Major Internet Platforms Ban Alex Jones
Facebook, YouTube, Spotify, and Apple accuse him of violating their platforms' speech codes.
Alex Jones' professional presence on several major internet platforms has come to an end.
Jones is a noted conspiracy theorist and the founder of the InfoWars website and podcast. In a Monday tweet, he confirmed that Facebook, YouTube, Spotify, and Apple had completely unpublished and/or removed his professional pages and podcasts. All four companies stated that Jones' inflammatory statements about Muslims, immigrants, members of the LGBT community, and other groups violated their terms of service.
"We believe in giving people a voice, but we also want everyone using Facebook to feel safe," Facebook said in a statement. "It's why we have Community Standards and remove anything that violates them, including hate speech that attacks or dehumanizes others. Earlier today, we removed four Pages belonging to Alex Jones for repeatedly posting content over the past several days that breaks those Community Standards." The company also called Jones a "repeat offender."
YouTube listed some similar reasons for its ban in an email to NBC News. Spotify and Apple removed the InfoWars podcast from their streaming services, though a number of InfoWars apps are still available for download on the Apple store.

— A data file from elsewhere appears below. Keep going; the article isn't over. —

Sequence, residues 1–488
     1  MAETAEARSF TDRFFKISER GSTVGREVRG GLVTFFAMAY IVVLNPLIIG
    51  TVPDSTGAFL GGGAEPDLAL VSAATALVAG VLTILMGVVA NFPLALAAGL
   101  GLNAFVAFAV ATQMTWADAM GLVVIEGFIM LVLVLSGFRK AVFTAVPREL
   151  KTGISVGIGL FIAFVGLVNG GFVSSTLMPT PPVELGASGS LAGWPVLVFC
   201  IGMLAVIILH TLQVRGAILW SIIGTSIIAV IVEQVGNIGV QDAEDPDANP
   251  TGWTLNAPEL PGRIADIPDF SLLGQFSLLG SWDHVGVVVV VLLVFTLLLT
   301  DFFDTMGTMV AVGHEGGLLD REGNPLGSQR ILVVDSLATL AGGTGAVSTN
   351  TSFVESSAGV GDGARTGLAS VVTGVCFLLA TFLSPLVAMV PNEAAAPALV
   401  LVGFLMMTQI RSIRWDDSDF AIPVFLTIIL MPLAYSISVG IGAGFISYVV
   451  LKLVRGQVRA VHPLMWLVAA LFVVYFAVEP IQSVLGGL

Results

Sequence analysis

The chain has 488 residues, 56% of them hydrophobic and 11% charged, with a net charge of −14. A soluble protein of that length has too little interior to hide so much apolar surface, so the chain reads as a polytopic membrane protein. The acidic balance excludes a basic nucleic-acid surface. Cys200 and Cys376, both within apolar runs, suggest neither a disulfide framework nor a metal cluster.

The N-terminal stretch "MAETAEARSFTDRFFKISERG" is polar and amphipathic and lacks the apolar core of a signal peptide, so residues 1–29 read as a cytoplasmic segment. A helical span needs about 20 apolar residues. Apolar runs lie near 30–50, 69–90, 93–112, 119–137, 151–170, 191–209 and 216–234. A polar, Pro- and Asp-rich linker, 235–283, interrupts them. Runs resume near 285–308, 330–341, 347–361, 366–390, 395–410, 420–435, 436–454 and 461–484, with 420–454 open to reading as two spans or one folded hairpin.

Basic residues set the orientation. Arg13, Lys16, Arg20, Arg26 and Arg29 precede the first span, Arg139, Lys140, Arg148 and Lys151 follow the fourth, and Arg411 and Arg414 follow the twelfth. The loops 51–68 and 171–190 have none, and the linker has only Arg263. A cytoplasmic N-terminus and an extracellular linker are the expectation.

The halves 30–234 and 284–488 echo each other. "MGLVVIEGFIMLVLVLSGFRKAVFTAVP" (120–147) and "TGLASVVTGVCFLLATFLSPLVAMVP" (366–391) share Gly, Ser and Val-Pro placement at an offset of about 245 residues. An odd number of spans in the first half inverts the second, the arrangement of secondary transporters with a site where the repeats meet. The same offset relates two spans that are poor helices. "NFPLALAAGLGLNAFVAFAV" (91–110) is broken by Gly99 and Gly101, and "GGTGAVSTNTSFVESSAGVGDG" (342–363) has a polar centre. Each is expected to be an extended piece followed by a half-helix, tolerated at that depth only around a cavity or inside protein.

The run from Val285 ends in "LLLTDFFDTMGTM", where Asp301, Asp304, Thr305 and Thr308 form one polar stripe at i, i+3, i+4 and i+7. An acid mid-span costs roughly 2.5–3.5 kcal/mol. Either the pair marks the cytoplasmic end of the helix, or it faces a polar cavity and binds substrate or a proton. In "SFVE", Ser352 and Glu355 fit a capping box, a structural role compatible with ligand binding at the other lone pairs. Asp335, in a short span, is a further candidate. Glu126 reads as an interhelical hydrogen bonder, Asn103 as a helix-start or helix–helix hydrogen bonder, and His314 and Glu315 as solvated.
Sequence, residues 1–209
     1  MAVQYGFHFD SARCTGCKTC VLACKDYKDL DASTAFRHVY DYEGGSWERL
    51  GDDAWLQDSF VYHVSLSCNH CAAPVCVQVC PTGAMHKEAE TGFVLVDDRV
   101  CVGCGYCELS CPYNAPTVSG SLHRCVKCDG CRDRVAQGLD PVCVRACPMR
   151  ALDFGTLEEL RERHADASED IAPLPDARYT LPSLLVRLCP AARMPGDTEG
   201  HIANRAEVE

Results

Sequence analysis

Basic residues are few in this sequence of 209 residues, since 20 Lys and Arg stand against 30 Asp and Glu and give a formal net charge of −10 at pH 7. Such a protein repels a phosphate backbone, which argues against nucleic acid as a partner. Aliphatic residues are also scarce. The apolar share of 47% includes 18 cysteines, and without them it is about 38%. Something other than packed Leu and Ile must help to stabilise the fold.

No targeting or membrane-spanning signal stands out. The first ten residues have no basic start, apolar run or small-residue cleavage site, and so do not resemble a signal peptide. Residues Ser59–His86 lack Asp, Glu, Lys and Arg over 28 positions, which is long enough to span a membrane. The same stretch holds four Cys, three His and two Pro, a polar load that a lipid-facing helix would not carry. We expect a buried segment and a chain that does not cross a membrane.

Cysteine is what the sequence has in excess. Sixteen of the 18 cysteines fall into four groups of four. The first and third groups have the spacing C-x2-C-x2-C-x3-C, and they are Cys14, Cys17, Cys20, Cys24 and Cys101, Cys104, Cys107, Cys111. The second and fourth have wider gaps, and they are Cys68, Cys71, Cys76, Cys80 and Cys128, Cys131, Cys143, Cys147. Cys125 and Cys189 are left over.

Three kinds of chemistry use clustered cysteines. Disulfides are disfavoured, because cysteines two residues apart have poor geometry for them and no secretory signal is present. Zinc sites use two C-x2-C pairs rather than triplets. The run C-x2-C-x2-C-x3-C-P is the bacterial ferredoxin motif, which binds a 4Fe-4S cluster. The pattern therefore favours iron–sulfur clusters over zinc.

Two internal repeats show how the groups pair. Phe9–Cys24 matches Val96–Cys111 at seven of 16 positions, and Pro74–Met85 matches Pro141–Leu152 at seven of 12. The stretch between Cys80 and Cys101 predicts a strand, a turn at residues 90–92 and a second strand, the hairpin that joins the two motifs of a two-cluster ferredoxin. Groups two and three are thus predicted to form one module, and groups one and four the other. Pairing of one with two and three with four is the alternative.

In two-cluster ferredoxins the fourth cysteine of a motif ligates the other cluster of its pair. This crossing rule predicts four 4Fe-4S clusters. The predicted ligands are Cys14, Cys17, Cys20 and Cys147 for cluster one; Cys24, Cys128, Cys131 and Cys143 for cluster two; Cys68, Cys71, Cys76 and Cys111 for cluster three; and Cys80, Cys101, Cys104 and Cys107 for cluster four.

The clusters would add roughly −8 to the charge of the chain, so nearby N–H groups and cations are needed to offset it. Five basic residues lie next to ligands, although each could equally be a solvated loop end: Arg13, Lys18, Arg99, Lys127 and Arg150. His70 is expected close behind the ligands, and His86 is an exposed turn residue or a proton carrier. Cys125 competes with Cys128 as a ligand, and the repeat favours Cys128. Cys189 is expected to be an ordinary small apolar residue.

Jones' banishment comes as social media giants attempt to balance free speech, onlight civility, and the fight against "fake news." Just last month, conservatives accused Twitter of disproportionately "shadow-banning" them when several Republican leaders, including Reps. Mark Meadows (R–N.C.), Jim Jordan (R-Ohio), Devin Nunes (R-Calif.), and Matt Gaetz (R-Fla.), found that their Twitter accounts did not appear on the drop-down menu in the search bar. (The shadowbans also extended further right, to people like white nationalist Richard Spencer and right-wing troll Mike Cernovich, though initially at least they did not affect Jones.) Facebook, meanwhile, was thrown into controversy after founder Mark Zuckerberg told an interviewer that Holocaust deniers should be able to post content on Facebook provided they weren't attempting to "organize harm" or attack someone else.
Though Zuckerberg's sister responded to that controversy by calling on the government to make certain kinds of speech illegal, she also suggested that social media platforms should not need to "decide who has the right to speech" and "police content in a way that is different from what our legal system dictates."
During the uproar over Mark Zuckerberg's comments, Reason's Robby Soave argued:
Policing hate on a very large scale is quite difficult given the frequently subjective nature of offense; we risk de-platforming legitimate viewpoints that are unpopular but deserve to be heard; and ultimately, silencing hate is not the same thing as squelching it.